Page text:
Empty bank accounts and empty promises to your employees or shareholders... If you've ever had the unpleasant experience of having a shortfall of revenue while running your business, you don't need to be told how important a cash flow analysis is. You know.
But just because you know it's important to have a thorough cash flow analysis doesn't mean your projections are correct. In fact, your numbers could be way off. You are, after all, trying to guess the future—and even the biggest and most successful companies get it wrong sometimes. Here are a few red flags you can look for that may indicate your cash flow analysis isn't what you think it is.
1. You are overly optimistic about when your clients will pay you in your cash flow analysis.
Are you often surprised that clients or customers aren't paying you on time? Do your late clients hurt your business because you were counting on that income?
You may want to start hoping for the best and planning for the worst. That's because while you often know when money is going out, you don't always know when money will be coming in, says Richard Hayman, who runs the Hayman Consulting Group in Potomac, Maryland, a CEO mentor and coaching firm. He cites "predetermined items," including payroll, rent, insurance, utilities and taxes, as expenses you can count on.
—Nick Braun, CEO, PetInsuranceQuotes.com
"Where the analysis falls apart is on the increase cash side, basically invoicing and payments from clients and customers. Revenue levels and timing of payments are often just best guesses," Hayman says. "The problem is that best guessing is almost universally too optimistic. A very simple solution is to add 30 to 60 days to when payment is expected. This will help determine cash reserves and give more time to adjust when the best guess is not good enough."
While building in extra time for clients to pay you may not be optimal, adjusting how you get paid may help you operate in your reality. Building in discounts for clients to pay you sooner may not help. You may want to build in a late fee, or you may need to consider dropping a deadbeat customer.
2. You have been struggling with your inventory.
If you have inventory problems, you may be creating future cash-flow problems, according to Matt Fiedler. He is the CEO and co-founder of a company called Vinyl Me, Please, headquartered in Boulder, Colorado.
"One of the biggest mistakes I made as a first-time entrepreneur was mismanaging inventory," Fielder says. "We had previously had a few issues related to our inventory not being delivered on time. We’re a record of the month club, so a month without a record makes it hard for us to stay in business."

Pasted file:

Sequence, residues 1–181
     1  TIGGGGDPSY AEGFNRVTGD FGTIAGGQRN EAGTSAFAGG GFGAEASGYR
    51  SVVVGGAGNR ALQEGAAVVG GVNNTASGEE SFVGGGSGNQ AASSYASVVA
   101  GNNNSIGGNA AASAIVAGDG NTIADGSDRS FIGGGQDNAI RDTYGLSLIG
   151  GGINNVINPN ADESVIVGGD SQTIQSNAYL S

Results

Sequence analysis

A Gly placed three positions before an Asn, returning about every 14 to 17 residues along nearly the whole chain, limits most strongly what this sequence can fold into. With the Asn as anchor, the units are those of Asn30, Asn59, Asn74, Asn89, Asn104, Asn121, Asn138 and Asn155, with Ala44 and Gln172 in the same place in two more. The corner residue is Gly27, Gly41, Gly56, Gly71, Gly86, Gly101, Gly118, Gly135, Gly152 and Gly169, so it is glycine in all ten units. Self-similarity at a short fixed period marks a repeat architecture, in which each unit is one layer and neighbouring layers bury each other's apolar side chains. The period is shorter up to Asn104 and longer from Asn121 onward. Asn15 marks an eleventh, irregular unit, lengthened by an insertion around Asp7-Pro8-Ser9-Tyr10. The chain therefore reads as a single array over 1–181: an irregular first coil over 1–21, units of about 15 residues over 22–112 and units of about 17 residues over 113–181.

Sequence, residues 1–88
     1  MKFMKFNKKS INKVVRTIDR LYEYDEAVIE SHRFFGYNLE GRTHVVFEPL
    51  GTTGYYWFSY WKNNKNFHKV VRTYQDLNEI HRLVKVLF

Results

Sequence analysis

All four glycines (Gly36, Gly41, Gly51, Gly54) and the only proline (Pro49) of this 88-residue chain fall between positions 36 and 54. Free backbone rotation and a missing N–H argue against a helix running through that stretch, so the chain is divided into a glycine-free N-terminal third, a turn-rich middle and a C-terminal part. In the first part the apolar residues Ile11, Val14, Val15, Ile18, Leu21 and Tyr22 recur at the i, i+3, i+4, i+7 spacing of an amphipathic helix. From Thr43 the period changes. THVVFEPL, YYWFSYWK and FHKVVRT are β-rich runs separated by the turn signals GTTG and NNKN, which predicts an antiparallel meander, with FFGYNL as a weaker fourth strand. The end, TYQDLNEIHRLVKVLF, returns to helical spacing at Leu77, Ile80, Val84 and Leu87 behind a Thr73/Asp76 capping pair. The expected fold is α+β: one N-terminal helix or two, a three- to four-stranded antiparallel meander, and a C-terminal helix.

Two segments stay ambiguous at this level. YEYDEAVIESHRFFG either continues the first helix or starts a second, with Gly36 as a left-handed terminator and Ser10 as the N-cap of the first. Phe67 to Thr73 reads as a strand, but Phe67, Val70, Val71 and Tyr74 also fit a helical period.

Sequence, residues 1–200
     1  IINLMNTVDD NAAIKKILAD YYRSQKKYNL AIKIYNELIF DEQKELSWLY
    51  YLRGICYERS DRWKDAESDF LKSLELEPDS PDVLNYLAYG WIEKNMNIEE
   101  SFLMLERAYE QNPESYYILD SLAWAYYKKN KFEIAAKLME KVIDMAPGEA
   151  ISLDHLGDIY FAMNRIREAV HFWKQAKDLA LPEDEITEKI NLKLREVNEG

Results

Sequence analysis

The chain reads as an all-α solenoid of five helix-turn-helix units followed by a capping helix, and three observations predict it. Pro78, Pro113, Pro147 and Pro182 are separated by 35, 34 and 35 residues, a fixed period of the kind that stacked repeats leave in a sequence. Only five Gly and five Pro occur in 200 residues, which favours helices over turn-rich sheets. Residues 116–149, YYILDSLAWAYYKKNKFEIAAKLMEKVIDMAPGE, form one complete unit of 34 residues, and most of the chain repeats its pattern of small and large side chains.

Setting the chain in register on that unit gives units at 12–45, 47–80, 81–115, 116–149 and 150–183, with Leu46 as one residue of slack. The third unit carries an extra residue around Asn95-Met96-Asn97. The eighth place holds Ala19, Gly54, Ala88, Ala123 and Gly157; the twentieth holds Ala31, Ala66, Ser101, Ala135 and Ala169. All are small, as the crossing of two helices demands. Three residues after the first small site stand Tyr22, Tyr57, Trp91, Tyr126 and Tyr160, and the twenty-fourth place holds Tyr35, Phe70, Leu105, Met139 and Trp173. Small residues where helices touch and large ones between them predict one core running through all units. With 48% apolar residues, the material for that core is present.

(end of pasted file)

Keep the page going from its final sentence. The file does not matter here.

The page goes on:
So Fielder, as he puts it, "overcorrected" and made sure he had enough inventory for nine months.
"We estimated a relative growth compared to the rest of the year, but didn’t assume that things like churn and seasonal activity would have any impact on us," he says.
It did, and in August 2015, his company had some cash-flow problems. According to Fielder, it was nothing too serious, though some bonuses for his then five employees had to be delayed. Now, a year later, his company is much stronger and he's learned a valuable lesson about inventory and cash flow analysis.
3. Your accounts receivables are abnormally high.
It may sound like a terrific problem at first, and maybe it can be: You're owed far more money than usual. Some may think, Maybe business is suddenly booming, and this is a sign of good times to come.
But high accounts receivables may also be a sign that your company may soon be scrambling for cash.
If you're owed a lot of money, perhaps you are being too slow in collecting it, says Nick Braun, CEO of PetInsuranceQuotes.com, a pet insurance agency in Columbus, Ohio.
Being too slow in collecting your money may lead to regret if your expenses pile up while your revenue doesn't.
Braun says that having a dashboard software program to help with his cash flow analysis has really helped him.
"Our accounts receivable balance is consistent, but over the past five years, using our dashboard, we found that some companies were slow paying us," Braun says. "In most cases it was because there was turnover or some other administrative changes, but these red flags were easy to spot each month and I focused on them."
These three red flags aren't the only indicators that something could be off on your cash flow analysis. If you're studying the numbers and there's something you can't explain, you may want to find the explanation to help avoid trouble down the road.
"Cash is king. It's the lifeblood of any business, but especially small business," Braun says. "A miscalculation, bad month or unexpected downturn can shut your doors if you don't manage your cash properly."
Read more articles on managing money.